1683 Daniel King & William Dugdale Antique Print of Old St Pauls Cathedral London - Pre Great Fire

Publisher : Daniel King

  • Title  : Ecclesiae Cathedralis Sti Pauli facies Aquilonaris / The North Prospect of ye Cathedral Church of St Paul in London
  • Date  : 1683
  • Condition: (A+) Fine Condition
  • Ref # :  16365
  • Size   : 15 1/2in x 13 1/2in (395mm x 340mm) 

This fine original copper-pate antique print of the old St Pauls Cathedral London, was engraved by Daniel King prior to the Great Fire of London in 1666 and was published by Sir William Dugdale in the 1683 edition of Monasticon Anglicanum: A History of the Abbies and other Monasteries, Hospitals, Frieries, and Cathedral and Collegiate Churches, with their Dependencies, in England and Wales.

General Definitions:
Paper thickness and quality: - Heavy and stable
Paper color : - off white
Age of map color: - 
Colors used: - 
General color appearance: - 
Paper size: - 15 1/2in x 13 1/2in (395mm x 340mm)
Plate size: - 14 1/2in x 9in (370mm x 230mm)
Margins: - Min 1/2in (12mm)

Margins: - None
Plate area: - Folds as issued, small repair to bottom of page not affecting the image 
Verso: - None

Background: Old St Paul's Cathedral was the medieval cathedral of the City of London that, until 1666, stood on the site of the present St Paul's Cathedral. Built in 1087–1314 and dedicated to Saint Paul, the cathedral was the fourth church on the site at Ludgate Hill. Work began during the reign of William the Conqueror after a fire in 1087 that destroyed much of the city. Work took more than 200 years, and construction was delayed by another fire in 1135. The church was consecrated in 1240 and enlarged again in 1256 and the early 14th century. At its completion in the middle of the 14th century, the cathedral was one of the longest churches in the world and had one of the tallest spires and some of the finest stained glass.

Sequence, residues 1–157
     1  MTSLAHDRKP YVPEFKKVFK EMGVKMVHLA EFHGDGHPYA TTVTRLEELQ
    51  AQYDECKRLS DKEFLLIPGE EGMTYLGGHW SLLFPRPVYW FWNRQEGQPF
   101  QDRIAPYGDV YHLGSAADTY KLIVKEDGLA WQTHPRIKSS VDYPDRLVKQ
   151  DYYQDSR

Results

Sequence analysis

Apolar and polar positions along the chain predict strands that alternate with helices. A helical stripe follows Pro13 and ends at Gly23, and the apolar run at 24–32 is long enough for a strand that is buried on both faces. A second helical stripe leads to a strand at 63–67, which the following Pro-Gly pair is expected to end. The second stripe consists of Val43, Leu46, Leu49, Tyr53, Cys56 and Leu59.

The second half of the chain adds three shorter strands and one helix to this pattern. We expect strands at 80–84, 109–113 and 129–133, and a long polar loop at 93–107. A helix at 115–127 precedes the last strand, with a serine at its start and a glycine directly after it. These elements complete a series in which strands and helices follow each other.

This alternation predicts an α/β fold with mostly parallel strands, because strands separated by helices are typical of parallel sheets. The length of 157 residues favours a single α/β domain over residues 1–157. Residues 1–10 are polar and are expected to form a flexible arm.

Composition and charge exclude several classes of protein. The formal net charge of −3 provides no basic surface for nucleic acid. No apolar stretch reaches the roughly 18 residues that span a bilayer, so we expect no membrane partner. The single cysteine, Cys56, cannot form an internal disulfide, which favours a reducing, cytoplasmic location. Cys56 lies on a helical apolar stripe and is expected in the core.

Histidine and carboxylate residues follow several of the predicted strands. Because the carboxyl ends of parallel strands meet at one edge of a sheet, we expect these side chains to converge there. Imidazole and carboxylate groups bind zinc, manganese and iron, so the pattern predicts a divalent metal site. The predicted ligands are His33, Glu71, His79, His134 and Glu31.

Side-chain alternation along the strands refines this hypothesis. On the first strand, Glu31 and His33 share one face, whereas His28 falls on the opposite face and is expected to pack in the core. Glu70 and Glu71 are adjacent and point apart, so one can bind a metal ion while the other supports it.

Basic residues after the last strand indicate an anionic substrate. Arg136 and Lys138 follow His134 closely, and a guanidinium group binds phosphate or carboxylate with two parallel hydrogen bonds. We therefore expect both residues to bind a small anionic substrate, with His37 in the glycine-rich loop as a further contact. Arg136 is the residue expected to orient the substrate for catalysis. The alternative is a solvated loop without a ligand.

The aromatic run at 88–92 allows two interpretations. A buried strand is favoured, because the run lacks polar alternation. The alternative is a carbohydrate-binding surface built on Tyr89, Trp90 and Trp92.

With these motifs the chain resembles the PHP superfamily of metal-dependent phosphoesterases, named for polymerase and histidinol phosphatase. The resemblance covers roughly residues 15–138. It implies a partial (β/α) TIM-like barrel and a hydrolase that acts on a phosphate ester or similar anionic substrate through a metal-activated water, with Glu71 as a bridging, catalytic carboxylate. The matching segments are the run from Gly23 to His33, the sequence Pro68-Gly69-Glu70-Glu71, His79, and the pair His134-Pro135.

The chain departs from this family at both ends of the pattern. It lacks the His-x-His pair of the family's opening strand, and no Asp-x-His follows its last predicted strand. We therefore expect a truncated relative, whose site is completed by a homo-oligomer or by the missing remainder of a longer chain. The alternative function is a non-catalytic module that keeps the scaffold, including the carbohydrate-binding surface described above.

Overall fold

The presence of the shrine of Saint Erkenwald made the cathedral a pilgrimage site during the Medieval period. In addition to serving as the seat of the Diocese of London, the building developed a reputation as a hub of the City of London, with the nave aisle, "Paul's walk", known as a centre for business and the London grapevine. After the Reformation, the open-air pulpit in the churchyard, St Paul's Cross, became the stage for radical evangelical preaching and Protestant bookselling.
The cathedral was already severely in decline by the 17th century. Restoration work by Inigo Jones in the 1620s was halted by the English Civil War. Sir Christopher Wren was attempting another restoration in 1666 when the cathedral was destroyed in the Great Fire of London. After demolition of the old structure, the present, domed cathedral was erected on the site, with an English Baroque design by Wren

Sir William Dugdale 1605-1686 was an English antiquary and herald. As a scholar he was influential in the development of medieval history as an academic subject.